June is the start of the high summer season in Rome, and the Eternal City rings it in right, with some of its most important festivals and events. And while June is a busy month in Rome, you'll still find less dense crowds than in July and August, and milder weather overall.
Here's a list of the top events in Rome in June. Note that June 2, Republic Day, is a national holiday, so many businesses, including museums and restaurants, will be closed.
01 of 06
Republic Day, or Festa della Repubblica, is a big national holiday akin to Independence Days in other countries. It commemorates Italy becoming a Republic in 1946 following the end of World War II. A huge parade is held on the Via dei Fori Imperiali and includes a stunning flyover by the Italian Air Force, followed by music in the Quirinale Gardens.
02 of 06
The city's Rose Garden is open to the public during May and June, usually through about June 23 or 24. Via di Valle Murcia 6, near the Circus Maximus.
03 of 06
Corpus Domini (Early- to mid-June)
Exactly 60 days after Easter, Catholics celebrate Corpus Domini, which honors the Holy Eucharist. In Rome, this feast day is typically celebrated with the mass at the cathedral of San Giovanni in Laterano followed by a procession to Santa Maria Maggiore. Many towns hold an infiorata for Corpus Domini, creating carpets with designs made of flower petals in front of the church and along the streets. South of Rome, Genzano is a good town for flower petal carpets, or head north to the town of Bolsena on Lake Bolsena.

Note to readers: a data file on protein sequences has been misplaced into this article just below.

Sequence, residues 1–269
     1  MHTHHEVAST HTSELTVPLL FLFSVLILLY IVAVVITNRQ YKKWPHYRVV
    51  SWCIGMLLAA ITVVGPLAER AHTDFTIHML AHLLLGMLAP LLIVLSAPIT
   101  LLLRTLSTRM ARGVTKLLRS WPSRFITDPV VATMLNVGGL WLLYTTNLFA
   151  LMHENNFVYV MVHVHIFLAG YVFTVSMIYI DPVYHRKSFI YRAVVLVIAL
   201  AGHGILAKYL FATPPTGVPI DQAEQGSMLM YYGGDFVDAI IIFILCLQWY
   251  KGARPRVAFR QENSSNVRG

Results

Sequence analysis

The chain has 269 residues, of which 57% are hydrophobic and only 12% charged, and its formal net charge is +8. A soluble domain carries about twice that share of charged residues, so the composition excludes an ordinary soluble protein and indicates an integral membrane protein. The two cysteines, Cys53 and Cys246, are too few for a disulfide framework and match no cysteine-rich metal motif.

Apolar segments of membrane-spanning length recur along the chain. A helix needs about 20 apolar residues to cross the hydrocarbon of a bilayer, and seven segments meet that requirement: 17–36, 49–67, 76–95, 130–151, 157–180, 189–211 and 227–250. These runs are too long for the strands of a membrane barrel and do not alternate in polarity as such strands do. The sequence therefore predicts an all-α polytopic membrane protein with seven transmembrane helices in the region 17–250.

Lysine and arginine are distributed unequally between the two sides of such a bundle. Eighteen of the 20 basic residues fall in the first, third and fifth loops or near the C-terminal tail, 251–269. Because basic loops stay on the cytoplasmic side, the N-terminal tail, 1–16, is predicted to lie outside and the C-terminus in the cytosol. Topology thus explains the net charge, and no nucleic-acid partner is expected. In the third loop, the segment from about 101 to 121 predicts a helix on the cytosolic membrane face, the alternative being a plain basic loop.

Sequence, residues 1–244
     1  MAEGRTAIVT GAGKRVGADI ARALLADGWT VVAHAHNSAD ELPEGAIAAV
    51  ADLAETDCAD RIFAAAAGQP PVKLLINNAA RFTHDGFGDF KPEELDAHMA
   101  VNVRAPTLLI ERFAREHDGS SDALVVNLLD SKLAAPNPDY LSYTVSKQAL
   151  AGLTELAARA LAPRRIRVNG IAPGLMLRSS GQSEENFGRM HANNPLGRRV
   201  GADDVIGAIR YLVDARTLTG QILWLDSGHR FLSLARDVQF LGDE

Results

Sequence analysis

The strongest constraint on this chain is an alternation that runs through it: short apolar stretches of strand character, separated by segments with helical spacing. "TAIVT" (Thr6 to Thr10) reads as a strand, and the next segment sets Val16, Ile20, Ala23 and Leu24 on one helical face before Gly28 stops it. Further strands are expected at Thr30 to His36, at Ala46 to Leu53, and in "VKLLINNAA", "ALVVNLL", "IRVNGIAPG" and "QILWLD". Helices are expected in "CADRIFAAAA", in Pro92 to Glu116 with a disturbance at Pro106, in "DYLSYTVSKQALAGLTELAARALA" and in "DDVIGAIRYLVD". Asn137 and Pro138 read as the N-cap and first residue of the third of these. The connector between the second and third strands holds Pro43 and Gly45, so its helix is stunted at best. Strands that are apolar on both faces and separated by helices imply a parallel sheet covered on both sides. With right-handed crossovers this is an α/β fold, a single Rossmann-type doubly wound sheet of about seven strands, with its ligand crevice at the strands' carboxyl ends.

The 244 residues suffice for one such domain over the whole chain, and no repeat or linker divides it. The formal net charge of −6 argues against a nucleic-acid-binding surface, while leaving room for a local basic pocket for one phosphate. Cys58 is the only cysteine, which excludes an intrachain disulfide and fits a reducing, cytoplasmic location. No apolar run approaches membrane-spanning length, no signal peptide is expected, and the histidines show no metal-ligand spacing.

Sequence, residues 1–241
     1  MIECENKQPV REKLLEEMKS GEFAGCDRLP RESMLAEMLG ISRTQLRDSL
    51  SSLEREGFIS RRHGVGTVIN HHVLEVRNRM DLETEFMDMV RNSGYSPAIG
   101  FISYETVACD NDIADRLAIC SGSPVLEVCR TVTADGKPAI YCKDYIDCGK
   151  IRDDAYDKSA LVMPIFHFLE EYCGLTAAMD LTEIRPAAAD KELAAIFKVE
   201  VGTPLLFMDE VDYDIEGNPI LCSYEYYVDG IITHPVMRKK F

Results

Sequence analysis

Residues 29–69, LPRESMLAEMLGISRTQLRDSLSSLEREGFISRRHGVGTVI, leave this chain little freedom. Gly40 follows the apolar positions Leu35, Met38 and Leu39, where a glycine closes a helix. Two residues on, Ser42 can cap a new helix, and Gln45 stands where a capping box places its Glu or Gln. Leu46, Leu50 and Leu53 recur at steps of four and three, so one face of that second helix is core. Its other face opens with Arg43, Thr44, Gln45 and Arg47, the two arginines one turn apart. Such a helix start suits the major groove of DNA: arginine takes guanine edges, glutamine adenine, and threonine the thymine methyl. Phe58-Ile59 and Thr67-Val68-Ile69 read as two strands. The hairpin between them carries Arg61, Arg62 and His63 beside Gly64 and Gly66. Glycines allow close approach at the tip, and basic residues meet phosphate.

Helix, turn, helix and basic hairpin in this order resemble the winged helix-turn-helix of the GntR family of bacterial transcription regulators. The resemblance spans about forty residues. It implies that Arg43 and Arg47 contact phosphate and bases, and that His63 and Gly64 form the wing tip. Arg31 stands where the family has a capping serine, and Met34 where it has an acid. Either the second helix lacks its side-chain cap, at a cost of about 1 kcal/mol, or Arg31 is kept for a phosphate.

04 of 06
Feast of Saint John (San Giovanni, June 23-24)
This feast is celebrated in the vast piazza in front of the church of San Giovanni in Laterano, the city of Rome's most important cathedral. Traditionally the celebration includes meals of snails (lumache) and suckling pig, plus concerts and fireworks.Continue to 5 of 6 below.
05 of 06
06 of 06
Lungo il Tevere
"Along the Tiber" is a summer-long festival on the banks of the Tiber (Tevere) River, which runs through Rome. It features a village-like setup of food stalls, pop-up restaurants, arts and crafts vendors, live music and even some kiddie rides and amusements.
Lungo il Tevere is held on the west (Vatican) side of the river and is accessed by stairs leading down to the riverbank. The village is set up between Piazza Trilussa (at Ponte Sisto) and Porta Portese (at Ponte Sublicio). There's an access point for wheelchairs at Lungotevere Ripa.
Based on the original article by Melanie Renzulli